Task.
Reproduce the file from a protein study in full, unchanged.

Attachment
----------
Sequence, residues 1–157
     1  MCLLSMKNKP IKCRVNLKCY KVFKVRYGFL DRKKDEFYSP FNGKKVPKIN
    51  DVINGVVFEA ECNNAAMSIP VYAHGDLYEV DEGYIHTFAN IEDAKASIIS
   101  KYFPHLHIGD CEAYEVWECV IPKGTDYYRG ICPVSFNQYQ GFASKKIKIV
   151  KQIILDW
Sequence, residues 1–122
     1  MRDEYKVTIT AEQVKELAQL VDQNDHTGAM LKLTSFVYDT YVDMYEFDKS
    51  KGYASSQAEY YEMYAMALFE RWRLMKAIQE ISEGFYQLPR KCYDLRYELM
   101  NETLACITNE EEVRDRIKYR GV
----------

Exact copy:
Sequence, residues 1–157
     1  MCLLSMKNKP IKCRVNLKCY KVFKVRYGFL DRKKDEFYSP FNGKKVPKIN
    51  DVINGVVFEA ECNNAAMSIP VYAHGDLYEV DEGYIHTFAN IEDAKASIIS
   101  KYFPHLHIGD CEAYEVWECV IPKGTDYYRG ICPVSFNQYQ GFASKKIKIV
   151  KQIILDW
Sequence, residues 1–122
     1  MRDEYKVTIT AEQVKELAQL VDQNDHTGAM LKLTSFVYDT YVDMYEFDKS
    51  KGYASSQAEY YEMYAMALFE RWRLMKAIQE ISEGFYQLPR KCYDLRYELM
   101  NETLACITNE EEVRDRIKYR GV